TULSA -- School has been back in session for a few weeks in Green Country, and many districts are concerned about the unsettling numbers of bus drivers seeing vehicles pass them while they're stopped.
Jenks bus driver Karen Keithline says she sees drivers blow pass her stopped school bus almost daily.
"My heart was beating a hundred miles an hour because it’s like no, no, no, no, no!" said Keithline.
She's driven for the Jenks school district for 20 years, and says the amount of people ignoring the stop sign at bus stops has gotten worse.
"When they’re coming at me I can usually see when they’re going to stop or not because they have their head down looking at their phone," said Keithline.
While there are cameras to watch the kids on the bus, she wishes they had camera on the stop sign arms, like Bixby school buses.
"Our stop arms go out and if they were on our stop arms then we can get a picture of the license plate and the driver themselves," said Keithline.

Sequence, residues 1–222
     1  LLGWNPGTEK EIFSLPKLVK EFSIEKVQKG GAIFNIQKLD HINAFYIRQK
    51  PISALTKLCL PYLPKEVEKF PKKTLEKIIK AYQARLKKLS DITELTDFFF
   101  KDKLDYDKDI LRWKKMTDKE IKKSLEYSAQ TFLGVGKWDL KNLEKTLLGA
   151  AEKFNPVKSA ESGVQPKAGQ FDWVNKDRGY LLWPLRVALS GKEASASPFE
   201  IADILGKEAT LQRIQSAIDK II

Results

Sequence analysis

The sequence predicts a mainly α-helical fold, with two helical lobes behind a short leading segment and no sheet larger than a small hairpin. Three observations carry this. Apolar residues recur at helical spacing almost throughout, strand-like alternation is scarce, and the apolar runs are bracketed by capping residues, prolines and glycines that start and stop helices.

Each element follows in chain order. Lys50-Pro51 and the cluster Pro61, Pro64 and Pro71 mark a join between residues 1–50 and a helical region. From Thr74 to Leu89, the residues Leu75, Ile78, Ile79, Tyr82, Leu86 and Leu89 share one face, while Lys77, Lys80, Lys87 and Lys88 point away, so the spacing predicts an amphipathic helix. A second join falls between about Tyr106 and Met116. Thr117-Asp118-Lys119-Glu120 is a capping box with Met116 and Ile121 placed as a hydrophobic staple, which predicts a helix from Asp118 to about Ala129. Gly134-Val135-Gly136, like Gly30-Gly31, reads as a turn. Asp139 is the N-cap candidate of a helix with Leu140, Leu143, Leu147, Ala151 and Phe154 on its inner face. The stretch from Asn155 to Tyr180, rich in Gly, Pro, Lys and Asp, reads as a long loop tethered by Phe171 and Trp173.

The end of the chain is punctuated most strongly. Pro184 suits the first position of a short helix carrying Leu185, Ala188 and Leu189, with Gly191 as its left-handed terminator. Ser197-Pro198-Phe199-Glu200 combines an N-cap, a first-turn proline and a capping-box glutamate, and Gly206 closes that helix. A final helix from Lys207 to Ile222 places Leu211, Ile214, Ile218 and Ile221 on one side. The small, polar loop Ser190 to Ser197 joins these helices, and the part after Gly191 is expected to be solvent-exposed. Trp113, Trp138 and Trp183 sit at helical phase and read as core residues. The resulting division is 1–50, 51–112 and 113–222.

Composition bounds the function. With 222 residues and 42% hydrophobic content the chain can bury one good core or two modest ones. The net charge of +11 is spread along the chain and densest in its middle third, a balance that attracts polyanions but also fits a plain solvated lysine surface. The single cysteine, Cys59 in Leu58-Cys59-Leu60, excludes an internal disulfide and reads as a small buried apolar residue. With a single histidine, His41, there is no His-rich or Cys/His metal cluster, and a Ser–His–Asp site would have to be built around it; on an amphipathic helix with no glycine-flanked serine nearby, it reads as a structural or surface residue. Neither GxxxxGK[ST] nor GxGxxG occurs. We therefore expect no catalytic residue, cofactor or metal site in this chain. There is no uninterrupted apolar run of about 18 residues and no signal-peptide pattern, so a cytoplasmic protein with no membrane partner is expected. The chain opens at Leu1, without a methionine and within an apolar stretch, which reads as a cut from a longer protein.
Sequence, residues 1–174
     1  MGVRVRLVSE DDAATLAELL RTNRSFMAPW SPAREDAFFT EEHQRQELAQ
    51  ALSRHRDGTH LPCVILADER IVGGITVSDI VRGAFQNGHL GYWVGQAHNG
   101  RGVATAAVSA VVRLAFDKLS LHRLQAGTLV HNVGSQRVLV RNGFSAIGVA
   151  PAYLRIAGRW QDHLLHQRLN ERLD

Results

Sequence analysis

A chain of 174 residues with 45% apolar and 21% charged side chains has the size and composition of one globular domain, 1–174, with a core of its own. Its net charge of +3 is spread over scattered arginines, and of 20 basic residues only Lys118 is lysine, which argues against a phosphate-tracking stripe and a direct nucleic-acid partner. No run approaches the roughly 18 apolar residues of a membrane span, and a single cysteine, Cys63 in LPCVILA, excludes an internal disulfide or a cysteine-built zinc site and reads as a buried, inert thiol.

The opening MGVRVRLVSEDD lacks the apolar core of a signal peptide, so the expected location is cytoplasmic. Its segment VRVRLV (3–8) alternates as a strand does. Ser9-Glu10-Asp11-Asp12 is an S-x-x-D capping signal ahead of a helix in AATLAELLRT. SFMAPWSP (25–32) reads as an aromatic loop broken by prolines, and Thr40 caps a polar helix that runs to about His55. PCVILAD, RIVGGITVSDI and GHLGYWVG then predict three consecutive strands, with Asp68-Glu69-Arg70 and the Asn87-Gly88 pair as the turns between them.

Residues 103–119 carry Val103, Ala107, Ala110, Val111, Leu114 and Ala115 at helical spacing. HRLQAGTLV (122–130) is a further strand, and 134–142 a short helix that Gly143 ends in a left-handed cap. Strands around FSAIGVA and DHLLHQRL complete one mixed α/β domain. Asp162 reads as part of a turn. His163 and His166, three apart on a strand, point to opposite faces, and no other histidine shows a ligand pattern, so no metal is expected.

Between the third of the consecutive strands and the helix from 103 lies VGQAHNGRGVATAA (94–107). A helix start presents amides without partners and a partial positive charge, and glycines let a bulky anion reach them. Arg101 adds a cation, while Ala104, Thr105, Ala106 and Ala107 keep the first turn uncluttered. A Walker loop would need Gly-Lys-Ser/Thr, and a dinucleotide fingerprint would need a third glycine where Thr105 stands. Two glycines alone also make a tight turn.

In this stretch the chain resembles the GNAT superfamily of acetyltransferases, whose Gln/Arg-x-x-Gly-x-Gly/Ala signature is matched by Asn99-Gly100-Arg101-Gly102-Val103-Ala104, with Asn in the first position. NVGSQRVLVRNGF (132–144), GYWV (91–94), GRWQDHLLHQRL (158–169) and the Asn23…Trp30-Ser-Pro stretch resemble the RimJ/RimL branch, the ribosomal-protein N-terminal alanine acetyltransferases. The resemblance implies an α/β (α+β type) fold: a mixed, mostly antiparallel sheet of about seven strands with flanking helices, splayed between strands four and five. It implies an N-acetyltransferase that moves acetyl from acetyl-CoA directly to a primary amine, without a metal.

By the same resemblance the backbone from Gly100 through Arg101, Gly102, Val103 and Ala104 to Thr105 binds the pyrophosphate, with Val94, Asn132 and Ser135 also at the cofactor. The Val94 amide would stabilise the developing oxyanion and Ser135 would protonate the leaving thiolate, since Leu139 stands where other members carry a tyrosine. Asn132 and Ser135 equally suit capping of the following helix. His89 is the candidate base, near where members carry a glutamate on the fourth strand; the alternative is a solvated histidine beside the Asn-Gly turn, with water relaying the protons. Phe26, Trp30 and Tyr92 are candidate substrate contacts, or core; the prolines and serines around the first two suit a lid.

Tulsa Police Officer Craig Heatherly says he wrote three citations in less than an hour on Tuesday outside apartment complexes near East 41st Street and South 129th East Avenue.
"Absolutely blew the stop signs from the school bus, didn’t slow down, didn’t even acknowledge the school bus was there," said Officer Heatherly.
He says he has made it his personal mission to ensure safety in school zones and at bus stops after he worked a fatality in a school zone during his first week in the traffic unit.
"It just kind of stuck with me, and what I’d like to do in my career is never have to work another one," said Officer Heatherly.
Under city ordinance, the penalty is a maximum $500 fine, with a potential of up to 90 days in jail. The state has the option to suspect the driver's license for a year following a conviction.
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